Why have your bad guy act angry when you can have him glare with hostility or let rage distort his features?  Maybe his eyes can convey the fury within.

Speaking of eyes, let me tell you—romance writers know a thing or two about describing eyes.  This section alone has a list 8 ½ pages long!   Why have green eyes when you can have eyes the color of malachite? Eyes that glint indulgently. Or eyes that flash with azure fire?

Yes, some of these are a bit extreme for the non-romanticist, but this book is still a great source for thinking outside the stereotypical box.  I can truly say, without a shudder of humiliation, that The Romance Writers’ Phrase Book has spiced up my descriptive writing.

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Filed under My Philosophy on Writing, Resources for Writers, Uncategorized

My Mother is a Poet

My mother has supported my “writing habit” for years.  She always denied having the talent herself–but I knew it was there.  In 2009, I convinced (okay, maybe forced) her to submit some of her writing for publication, and Viola!, she’s had great success.  I’m very proud to acknolwedge her talent.  Here is her latest poem, published in the Jan/Feb 2010 issue of Christian Woman Magazine.   

God Created Loveliness

By Phyllis Davidson

 –

God created color.

He loves it, as we do –

The reds, the greens, the purples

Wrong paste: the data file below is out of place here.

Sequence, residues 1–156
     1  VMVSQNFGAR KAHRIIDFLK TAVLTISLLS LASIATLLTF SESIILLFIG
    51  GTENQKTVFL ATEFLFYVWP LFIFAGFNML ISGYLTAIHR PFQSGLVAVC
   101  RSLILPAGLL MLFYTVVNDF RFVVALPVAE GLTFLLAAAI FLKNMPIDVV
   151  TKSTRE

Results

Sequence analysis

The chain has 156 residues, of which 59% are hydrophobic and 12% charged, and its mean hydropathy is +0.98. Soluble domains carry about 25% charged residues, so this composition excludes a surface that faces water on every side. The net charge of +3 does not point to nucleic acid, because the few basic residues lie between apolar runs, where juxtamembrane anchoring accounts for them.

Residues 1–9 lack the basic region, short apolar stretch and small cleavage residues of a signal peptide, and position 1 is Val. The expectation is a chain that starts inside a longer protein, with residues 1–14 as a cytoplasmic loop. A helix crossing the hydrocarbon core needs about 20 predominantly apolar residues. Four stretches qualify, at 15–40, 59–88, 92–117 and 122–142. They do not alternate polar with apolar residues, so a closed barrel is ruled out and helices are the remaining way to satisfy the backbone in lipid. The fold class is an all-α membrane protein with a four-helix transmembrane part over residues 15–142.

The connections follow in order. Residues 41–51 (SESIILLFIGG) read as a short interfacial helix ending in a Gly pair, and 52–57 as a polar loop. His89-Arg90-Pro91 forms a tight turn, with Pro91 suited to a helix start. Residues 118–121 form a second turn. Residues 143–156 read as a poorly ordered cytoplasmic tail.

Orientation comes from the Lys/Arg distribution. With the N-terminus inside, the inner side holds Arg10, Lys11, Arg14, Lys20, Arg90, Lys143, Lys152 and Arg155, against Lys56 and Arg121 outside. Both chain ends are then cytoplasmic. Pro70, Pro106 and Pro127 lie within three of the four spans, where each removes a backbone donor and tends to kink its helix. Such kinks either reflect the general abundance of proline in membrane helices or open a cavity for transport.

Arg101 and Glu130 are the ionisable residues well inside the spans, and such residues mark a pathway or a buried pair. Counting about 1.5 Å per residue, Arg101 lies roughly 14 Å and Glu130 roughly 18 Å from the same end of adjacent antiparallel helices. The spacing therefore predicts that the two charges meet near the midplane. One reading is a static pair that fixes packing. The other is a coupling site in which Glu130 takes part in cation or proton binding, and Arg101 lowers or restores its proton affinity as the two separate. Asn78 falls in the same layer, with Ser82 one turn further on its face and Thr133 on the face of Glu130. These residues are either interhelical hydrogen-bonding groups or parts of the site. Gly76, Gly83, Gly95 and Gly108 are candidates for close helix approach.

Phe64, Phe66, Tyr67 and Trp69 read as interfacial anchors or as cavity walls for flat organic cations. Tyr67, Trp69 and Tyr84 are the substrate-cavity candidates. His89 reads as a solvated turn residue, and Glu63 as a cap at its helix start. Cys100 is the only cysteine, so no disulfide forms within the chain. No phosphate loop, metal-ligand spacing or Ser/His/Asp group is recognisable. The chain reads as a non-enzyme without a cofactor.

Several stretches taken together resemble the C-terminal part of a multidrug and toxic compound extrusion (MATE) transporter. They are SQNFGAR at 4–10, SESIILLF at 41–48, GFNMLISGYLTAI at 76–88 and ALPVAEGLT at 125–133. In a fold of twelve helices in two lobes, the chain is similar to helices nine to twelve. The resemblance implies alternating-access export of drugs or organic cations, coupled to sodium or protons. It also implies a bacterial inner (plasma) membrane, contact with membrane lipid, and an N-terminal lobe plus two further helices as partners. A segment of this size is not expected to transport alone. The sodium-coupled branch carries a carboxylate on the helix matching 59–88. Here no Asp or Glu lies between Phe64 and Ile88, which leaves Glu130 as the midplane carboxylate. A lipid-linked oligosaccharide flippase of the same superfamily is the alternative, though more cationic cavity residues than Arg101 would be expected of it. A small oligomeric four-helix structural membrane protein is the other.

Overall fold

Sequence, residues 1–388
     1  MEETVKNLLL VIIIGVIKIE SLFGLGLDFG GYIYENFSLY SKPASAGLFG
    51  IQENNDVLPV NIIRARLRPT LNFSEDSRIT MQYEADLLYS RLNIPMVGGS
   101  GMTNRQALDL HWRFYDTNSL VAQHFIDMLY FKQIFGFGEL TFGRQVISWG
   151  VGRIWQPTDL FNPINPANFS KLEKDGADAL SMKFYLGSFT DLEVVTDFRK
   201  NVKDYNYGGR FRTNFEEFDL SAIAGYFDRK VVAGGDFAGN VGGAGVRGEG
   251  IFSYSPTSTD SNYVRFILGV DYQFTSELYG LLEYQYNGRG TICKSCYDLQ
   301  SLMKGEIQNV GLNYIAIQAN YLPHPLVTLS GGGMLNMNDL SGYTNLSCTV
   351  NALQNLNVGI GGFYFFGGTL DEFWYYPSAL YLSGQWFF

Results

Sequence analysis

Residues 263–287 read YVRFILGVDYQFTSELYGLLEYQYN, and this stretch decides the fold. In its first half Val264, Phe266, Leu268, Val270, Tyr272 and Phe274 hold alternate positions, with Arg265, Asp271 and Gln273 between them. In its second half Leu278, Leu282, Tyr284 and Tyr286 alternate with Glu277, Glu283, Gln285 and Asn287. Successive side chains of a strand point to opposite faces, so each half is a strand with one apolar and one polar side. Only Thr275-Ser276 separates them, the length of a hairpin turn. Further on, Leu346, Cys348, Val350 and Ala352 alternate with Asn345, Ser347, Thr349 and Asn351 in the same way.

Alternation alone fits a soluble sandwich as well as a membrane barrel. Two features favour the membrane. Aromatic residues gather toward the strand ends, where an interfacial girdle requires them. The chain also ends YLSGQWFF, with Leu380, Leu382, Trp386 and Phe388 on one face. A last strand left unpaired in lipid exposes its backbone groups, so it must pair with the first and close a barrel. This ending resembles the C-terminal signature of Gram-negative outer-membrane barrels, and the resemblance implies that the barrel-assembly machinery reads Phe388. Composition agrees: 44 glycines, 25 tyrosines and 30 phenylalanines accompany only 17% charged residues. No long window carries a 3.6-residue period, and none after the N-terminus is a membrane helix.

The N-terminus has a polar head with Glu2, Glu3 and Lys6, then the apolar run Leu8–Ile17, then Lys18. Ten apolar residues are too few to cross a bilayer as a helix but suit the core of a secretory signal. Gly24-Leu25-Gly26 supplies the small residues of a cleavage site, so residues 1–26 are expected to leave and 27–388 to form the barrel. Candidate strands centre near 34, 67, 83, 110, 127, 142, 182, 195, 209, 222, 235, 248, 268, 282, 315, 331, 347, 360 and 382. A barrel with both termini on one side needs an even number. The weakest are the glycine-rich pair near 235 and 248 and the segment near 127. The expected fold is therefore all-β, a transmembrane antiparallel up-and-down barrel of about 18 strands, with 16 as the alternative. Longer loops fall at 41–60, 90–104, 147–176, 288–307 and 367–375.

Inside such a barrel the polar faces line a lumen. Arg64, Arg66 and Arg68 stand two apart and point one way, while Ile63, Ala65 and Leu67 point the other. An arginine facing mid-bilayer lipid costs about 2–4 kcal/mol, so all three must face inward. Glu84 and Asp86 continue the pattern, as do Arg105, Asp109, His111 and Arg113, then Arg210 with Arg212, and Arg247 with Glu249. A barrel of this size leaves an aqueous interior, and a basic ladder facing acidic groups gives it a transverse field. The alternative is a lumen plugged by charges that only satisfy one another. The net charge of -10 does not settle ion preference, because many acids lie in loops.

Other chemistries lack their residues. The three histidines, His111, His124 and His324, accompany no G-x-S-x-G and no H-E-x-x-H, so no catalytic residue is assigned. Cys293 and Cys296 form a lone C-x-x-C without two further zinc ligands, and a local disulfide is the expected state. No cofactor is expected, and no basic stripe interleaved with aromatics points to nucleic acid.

And every other hue.

He put them in the rainbow

And set them in the sky.

He buried them within the earth

Where miners dare to die.

 –

God created beauty.

He likes a lovely scene –

A mountain, valley, waterfall

Or blooming field of green.

He set it on the young ones

Who need it at the start.

He buried it within the old

Of good and honest heart.

– 

God created music.

He loves it, as do we.

In every woman, man and child

He tuned a middle C.

And music motivates us

To love, to work, to fight.

‘Tis said it soothes the savage beast

And fretful babes at night.

God created rhythm.

He loves consistency –

The days, the nights, the seasons

And tides within the sea.

He put it in our clapping hands

And in our tapping feet.

He wound the clock within our hearts,

A life-long, vital beat.

– 

God created goodness.

He wants it for us all.

He gently offers, coaxes, pleads;

We’ve but to heed his call.

For goodness is essential.

To shun it leads to loss.

He sent it down inside his son;

We hung it on a cross.